Check out these recently published titles of interest on the topics of children, media, and health:
Devís-Devís, J., Peiró-Velert, C., Beltrán-Carrillo, V.J., et al. (2012). Brief report: Association between socio-demographic factors, screen media usage and physical activity by type of day in Spanish adolescents. Journal of Adolescence, 35(1), 213-218.
- The study authors found that the negative relationship between adolescents' use of screen media (TV and mobile phone) and physical activity and its possible displacement, depending on the type of day, added useful comparable knowledge for policies promoting an active lifestyle.
Erentaite, R., Bergman, L.R., & Zukauskiene, R. (2012). Cross-contextual stability of bullying victimization: A person-oriented analysis of cyber and traditional bullying experiences among adolescents. Scandinavian Journal of Psychology. Available Jan 18.
- The findings revealed that 35% of traditional bullying victims were also bullied in cyberspace. In particular, adolescents who experienced predominantly verbal and relational bullying at school, showed a higher risk of victimization in cyberspace a year later, while this was not observed for predominantly physical forms of traditional bullying.
Fisoun, V., Floros, G., Siomos, K., et al. (2012). Internet addiction as an important predictor in early detection of adolescent drug use experience-implications for research and practice. Journal of Addiction Medicine. Available Jan 5.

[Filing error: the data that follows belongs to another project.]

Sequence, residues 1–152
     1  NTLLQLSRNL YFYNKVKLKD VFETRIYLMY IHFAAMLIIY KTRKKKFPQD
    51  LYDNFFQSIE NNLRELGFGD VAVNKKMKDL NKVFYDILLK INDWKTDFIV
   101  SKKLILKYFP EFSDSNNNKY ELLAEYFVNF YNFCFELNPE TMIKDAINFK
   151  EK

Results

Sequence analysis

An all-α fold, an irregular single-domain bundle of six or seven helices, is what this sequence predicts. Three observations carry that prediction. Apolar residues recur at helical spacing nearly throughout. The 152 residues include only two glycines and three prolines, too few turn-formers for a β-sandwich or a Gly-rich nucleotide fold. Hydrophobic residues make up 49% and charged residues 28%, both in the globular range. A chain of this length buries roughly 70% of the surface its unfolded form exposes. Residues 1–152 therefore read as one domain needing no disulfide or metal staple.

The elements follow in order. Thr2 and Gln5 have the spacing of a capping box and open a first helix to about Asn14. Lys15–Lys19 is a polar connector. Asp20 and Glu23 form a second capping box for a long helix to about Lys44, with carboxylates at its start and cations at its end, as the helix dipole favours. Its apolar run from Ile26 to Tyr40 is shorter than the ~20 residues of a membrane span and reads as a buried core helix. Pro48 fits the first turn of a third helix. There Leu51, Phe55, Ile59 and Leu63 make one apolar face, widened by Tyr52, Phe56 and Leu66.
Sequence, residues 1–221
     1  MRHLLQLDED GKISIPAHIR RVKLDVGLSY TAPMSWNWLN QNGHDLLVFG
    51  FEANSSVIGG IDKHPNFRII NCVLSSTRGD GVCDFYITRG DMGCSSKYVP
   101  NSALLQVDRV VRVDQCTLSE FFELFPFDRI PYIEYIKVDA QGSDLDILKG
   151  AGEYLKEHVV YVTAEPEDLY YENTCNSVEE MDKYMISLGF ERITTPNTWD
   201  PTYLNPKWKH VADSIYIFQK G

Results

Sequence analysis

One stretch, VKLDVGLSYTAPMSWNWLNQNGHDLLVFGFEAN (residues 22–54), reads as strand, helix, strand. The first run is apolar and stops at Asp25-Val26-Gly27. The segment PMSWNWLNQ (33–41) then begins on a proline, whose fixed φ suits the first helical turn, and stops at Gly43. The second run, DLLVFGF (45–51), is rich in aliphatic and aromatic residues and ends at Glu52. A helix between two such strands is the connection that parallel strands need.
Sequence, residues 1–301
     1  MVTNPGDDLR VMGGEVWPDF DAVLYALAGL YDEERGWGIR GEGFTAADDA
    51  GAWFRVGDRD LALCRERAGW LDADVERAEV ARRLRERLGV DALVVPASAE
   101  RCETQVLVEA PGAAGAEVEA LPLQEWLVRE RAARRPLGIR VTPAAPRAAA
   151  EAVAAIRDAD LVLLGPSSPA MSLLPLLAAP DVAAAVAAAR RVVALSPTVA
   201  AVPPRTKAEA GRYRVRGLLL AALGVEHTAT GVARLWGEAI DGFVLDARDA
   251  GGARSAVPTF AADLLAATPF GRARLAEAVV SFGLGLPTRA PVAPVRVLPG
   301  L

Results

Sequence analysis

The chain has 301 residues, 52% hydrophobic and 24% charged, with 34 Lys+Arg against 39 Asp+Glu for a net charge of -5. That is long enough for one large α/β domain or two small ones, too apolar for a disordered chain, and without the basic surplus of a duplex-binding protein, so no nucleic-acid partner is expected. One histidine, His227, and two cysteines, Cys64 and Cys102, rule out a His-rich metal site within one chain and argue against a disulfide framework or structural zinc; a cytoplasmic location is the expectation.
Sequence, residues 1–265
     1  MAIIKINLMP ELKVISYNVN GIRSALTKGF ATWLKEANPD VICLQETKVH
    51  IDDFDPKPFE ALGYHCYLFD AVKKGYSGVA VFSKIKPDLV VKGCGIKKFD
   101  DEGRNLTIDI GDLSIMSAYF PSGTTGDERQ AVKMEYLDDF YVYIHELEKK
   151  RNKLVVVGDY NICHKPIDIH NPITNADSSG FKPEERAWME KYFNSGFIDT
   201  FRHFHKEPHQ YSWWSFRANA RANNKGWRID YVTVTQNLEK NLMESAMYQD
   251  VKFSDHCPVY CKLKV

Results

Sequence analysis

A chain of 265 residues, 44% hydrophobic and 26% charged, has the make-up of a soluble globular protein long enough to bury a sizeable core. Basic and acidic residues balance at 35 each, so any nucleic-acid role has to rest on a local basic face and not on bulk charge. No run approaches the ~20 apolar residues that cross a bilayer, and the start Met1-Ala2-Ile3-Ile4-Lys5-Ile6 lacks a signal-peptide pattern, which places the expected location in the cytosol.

- This study found that an increase in the severity of pathological Internet use has been linked to increased chances of having used an illicit substance.
Lin, F., Zhou, Y., Du, Y., et al. (2012). Abnormal white matter integrity in adolescents with Internet addiction disorder: A tract-based spatial statistics study. PLoS ONE, 7(1), e30253. FULL TEXT.
- These findings suggest that Internet addiction disorder (IAD) demonstrated widespread reductions of fractional anisotropy (FA) in major white matter pathways and such abnormal white matter structure may be linked to some behavioral impairments.
Lwin, M.O., Li, B., & Ang, R.P. (2012). Stop bugging me: An examination of adolescents’ protection behavior against online harassment. Journal of Adolescence, 35(1), 31-41.
- The results suggest that public service programs targeted at educating youths should aim to increase coping appraisals and emphasize the severity of online harassment. Targeted educational programs could include those aimed at specific age or gender groups.
Use the free CMCH Database of Research to find other studies on children, media, and health.